• Failing to apply effective methods such as “teach-back” due to time constraints leads to patient safety concerns. Proper communication between patient providers is crucial to diagnosing, treating, and avoiding readmission.
    • Health literacy is a two way street—providing resources for both health care providers and patients will help eliminate health literacy challenges. Volunteering with adult literacy programs or partnering with these agencies can also raise awareness.
  • Developing an organizational health literacy culture is important to improving health literacy.
    • Support from senior leadership will integrate effective communication skills between health care professionals and patients.
    • A strong organizational foundation promoting health literacy issues can be achieved through assessments, raising awareness, and providing education to all staff and employees.
    • A “teacher’s approach”—listening to the population being served while acknowledging cultural and social determinants, and adjusting how information will be received—may be used to improve communication.
  • Health communication methods are helpful in supporting health literacy initiatives.
    • The effectiveness of various health communication methods can provide physicians with a better understanding of patients’ comprehension. (Ask Me 3/Tell Me 3, Teach-Back)
    • Providers should present patients with possible strategies and options, even those that may benefit, harm, or risk helping patients. This can allow patients to make decisions that align with their values.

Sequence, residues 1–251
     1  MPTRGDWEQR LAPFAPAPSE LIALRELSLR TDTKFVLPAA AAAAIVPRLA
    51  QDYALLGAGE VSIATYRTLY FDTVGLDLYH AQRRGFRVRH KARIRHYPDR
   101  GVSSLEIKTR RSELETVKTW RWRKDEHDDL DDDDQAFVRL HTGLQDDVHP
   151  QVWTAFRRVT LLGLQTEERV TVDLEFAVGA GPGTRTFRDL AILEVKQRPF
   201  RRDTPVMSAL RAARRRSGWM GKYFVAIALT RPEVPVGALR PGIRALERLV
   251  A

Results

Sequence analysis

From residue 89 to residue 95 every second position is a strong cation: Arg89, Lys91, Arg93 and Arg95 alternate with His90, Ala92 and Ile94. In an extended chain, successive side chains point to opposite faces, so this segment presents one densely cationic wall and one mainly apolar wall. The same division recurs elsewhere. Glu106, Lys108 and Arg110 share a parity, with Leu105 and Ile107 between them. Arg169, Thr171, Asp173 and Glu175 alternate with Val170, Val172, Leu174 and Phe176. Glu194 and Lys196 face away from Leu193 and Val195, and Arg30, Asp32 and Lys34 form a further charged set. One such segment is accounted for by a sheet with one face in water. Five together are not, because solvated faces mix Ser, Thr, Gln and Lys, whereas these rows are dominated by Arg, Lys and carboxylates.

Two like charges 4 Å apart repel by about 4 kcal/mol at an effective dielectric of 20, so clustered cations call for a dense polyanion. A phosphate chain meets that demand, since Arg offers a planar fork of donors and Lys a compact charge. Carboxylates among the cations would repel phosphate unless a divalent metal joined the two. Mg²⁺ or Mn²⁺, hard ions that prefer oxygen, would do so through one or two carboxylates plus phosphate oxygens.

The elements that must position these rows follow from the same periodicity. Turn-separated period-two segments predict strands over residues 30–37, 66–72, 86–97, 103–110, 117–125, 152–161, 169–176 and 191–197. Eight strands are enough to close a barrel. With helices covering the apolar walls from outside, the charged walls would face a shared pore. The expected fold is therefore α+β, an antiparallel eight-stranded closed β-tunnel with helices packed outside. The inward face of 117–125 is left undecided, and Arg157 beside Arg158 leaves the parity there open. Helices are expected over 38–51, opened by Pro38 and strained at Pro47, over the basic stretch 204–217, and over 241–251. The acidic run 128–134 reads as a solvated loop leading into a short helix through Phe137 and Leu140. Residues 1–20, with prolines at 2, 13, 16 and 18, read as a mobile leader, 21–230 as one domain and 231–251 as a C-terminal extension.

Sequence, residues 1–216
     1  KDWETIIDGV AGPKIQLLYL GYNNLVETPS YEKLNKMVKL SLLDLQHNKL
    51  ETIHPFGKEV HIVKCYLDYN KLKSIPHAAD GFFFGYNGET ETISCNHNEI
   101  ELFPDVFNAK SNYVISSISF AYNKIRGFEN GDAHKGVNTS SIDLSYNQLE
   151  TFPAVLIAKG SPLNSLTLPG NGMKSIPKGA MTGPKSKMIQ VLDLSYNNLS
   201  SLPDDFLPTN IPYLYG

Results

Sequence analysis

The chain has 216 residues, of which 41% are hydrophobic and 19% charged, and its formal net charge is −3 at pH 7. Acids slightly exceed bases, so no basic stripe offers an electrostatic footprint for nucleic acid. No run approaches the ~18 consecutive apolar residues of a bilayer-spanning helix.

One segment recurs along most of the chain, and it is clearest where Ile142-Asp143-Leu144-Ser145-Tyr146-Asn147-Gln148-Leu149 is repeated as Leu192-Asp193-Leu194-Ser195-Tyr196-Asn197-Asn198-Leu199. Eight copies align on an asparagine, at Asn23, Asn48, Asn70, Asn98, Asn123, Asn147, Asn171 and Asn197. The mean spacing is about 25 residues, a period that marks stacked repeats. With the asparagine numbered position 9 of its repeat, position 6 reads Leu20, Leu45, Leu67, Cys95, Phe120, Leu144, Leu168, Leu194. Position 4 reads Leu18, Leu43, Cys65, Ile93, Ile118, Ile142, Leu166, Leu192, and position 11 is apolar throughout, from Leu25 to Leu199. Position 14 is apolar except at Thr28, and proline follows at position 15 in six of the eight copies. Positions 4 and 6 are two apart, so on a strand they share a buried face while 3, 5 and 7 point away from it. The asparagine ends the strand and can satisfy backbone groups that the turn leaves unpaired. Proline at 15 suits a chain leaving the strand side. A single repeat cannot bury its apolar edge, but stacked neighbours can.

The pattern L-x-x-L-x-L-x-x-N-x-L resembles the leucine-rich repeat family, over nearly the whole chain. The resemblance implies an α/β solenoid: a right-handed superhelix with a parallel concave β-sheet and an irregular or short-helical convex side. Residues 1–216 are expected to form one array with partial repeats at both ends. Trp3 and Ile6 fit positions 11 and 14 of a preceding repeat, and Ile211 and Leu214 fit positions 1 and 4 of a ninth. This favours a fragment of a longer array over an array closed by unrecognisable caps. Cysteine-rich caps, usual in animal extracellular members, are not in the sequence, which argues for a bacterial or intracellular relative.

• Engagement and activation are important tools when implementing patient education strategies that will be deployed through listening, reading, or visual devices.

Health Literacy Initiatives:

  • Novant Health is researching methods to expand their health care professional’s communication tools to meet the needs of all of their patients through technology and experience.
  • Project RED (Re-Engineered Discharge) was developed by a research group at Boston University Medical School and has shown a significant impact on reducing readmissions. Download the Project RED toolkit.
  • Teach with Stories is an empowerment-based approach that focuses on participant outcomes from an evaluation standpoint.
  • Health Literacy Outcomes is a site aimed at improving Australian health literacy rates by providing education and support to both practitioners and patients.
  • HealthCare Information for All (HIFA) is an organization determined to provide access to health care information for every patient and health care worker.

Key Resources:


  1. Parnell TA, McCulloch EC, Edwards F, Mieres JH. Health Literacy as an Essential Component to Achieving Excellent Patient Outcomes: Institute of Medicine; 2014.
  2. Coleman C, Kurtz-Rossi S, McKinney J, Pleasant A, Rootman I, Shohet L. The Calgary Charter on Health Literacy: Rationale and Core Principles for the Development of Health Literacy Curricula. The Centre for Literacy of Quebec. 2010. Available at: